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Gloucestershire Business News

Rise in job vacancies triggers fears of staff shortages

UK job vacancies have risen to their highest level since the start of the pandemic prompting concern among business leaders of staff shortages.

The figures confirm reports of a rise in job adverts by recruitment firms amid fears employers could struggle to find staff.

Figures from the Office of National Statistics show there were 657,000 vacancies between February - April this year, a rise of about 48,400 jobs compared to the last quarter.

Business leaders said the figures showed early signs of recovery in the jobs market after the pandemic.

They said the vacancy levels showed the economy was picking up but warned there was still a long way to go.

Matthew Percival of the CBI said: "Businesses report they are struggling to fill vacancies so Government support for skills and training is essential."

He said it was vital the Government set out its plan for reopening the economy on June 21.

"Today's news that the employment rate is steady at 4.8 per cent is really welcome—we expected a lot worse, of course," added Ian Mean, Business West Gloucestershire director.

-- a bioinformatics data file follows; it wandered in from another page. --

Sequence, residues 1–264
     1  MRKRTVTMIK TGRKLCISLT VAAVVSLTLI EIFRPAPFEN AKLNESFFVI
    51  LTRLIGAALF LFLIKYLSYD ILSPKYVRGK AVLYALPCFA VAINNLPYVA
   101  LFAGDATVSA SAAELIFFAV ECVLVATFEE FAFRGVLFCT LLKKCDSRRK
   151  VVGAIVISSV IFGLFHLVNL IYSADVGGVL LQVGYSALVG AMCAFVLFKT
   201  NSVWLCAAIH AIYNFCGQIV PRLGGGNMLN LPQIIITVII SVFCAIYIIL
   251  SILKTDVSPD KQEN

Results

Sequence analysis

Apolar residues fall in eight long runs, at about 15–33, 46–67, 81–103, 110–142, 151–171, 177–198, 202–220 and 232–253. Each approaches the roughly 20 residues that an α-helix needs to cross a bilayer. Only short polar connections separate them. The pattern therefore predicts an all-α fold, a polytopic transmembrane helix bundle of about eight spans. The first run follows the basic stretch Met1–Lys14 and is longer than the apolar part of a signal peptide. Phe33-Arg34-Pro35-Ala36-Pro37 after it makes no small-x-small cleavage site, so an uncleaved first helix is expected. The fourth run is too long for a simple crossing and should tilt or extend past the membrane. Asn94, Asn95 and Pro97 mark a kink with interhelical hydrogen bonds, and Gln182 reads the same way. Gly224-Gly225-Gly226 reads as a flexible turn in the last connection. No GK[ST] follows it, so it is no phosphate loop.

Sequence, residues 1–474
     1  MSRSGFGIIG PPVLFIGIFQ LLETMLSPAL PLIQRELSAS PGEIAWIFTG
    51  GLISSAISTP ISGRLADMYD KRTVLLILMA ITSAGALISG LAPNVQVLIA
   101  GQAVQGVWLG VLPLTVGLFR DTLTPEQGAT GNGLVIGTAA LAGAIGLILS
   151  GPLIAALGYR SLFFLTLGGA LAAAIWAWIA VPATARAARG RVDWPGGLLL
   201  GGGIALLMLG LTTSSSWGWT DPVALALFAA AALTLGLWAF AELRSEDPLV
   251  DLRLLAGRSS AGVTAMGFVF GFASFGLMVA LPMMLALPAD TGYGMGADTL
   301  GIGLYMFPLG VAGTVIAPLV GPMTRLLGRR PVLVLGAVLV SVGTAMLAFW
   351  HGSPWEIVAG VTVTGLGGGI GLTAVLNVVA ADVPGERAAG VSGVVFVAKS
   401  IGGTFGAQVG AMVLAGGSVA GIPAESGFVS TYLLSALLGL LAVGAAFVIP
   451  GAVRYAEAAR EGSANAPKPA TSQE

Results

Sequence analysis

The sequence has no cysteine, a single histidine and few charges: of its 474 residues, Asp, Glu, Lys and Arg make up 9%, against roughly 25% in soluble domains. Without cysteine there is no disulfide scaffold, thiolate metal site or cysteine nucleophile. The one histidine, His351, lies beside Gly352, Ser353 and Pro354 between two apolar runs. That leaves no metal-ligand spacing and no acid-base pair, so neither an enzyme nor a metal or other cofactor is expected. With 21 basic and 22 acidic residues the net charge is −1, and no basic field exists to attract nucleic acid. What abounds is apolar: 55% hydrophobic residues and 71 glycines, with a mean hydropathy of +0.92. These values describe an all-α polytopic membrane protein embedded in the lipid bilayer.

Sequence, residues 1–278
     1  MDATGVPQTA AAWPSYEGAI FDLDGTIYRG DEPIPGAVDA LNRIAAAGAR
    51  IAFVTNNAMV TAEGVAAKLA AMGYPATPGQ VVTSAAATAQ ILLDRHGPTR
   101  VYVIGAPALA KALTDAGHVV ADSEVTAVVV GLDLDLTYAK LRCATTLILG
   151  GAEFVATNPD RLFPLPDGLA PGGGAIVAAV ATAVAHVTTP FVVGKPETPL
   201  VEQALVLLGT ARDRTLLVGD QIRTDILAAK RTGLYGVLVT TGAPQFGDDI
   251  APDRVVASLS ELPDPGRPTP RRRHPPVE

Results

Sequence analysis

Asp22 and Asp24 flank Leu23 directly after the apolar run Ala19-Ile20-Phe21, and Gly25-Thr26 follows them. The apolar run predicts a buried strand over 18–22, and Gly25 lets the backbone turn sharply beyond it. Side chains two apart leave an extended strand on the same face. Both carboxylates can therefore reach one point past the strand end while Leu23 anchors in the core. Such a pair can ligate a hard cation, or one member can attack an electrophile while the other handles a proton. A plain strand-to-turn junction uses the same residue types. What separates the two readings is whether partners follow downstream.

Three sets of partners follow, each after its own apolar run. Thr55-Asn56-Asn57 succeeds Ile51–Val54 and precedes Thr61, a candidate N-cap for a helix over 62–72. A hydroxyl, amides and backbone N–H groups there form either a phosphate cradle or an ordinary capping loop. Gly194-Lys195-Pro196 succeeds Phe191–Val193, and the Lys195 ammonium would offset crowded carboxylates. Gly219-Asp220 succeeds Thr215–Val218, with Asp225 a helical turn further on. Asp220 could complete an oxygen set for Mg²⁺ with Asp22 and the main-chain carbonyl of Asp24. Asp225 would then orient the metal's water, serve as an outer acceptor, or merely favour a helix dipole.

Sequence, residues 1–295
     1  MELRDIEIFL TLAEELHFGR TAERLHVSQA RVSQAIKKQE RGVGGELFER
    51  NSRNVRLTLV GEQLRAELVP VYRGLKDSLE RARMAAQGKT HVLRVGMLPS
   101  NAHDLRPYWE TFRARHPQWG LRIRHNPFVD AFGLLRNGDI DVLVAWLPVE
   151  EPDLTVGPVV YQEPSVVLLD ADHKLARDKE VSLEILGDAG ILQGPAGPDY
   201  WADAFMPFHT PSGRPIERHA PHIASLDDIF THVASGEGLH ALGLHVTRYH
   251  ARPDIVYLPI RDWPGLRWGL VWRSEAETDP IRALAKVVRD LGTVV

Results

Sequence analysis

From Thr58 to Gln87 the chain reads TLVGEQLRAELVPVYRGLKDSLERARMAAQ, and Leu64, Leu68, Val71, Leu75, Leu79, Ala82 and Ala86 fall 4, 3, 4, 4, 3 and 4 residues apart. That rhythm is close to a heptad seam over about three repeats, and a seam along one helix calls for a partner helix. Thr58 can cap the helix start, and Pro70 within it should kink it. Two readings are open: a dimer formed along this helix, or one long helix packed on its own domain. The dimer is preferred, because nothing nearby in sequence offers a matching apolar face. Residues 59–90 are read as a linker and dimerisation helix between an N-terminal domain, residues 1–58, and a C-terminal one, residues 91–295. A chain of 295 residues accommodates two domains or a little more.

"But as the hospitality sector in Gloucestershire-hotels, restaurants and pubs-were allowed to re-open properly on Monday, not everything is going so well.

"There is a lot of worry because we are facing a dire shortage of staff-especially chefs and bar workers."

Unemployment is down to 4.8 per cent and employment up for the fifth consecutive month. Hospitality and retail jobs are well down on pre-pandemic levels, and there are still four million people on the furlough scheme which counts as employed.

Research company Capital Economics said the fall in the jobless rate showed that the jobs furlough scheme was 'insulating the labour market'.

It said the unemployment rate would rise over the next few months, though that would be mostly due to people returning to the labour market rather that losing their jobs.

Mr Mean added: ""At the last count, Gloucestershire had over 38 000 people on furlough. I estimate that nearly two thirds of those people were employed in hospitality.

"So, many of those will not be coming back to what generally were zero hours contracts jobs with most on minimum wages.

"A lot of them will now have guaranteed jobs with higher salaries."

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